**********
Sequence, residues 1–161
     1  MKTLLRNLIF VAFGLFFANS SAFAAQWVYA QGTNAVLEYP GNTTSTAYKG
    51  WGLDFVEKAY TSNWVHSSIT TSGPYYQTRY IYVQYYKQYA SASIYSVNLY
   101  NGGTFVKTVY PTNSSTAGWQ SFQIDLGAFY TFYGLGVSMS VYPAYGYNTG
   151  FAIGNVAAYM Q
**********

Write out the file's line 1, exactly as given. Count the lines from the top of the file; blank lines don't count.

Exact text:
Sequence, residues 1–161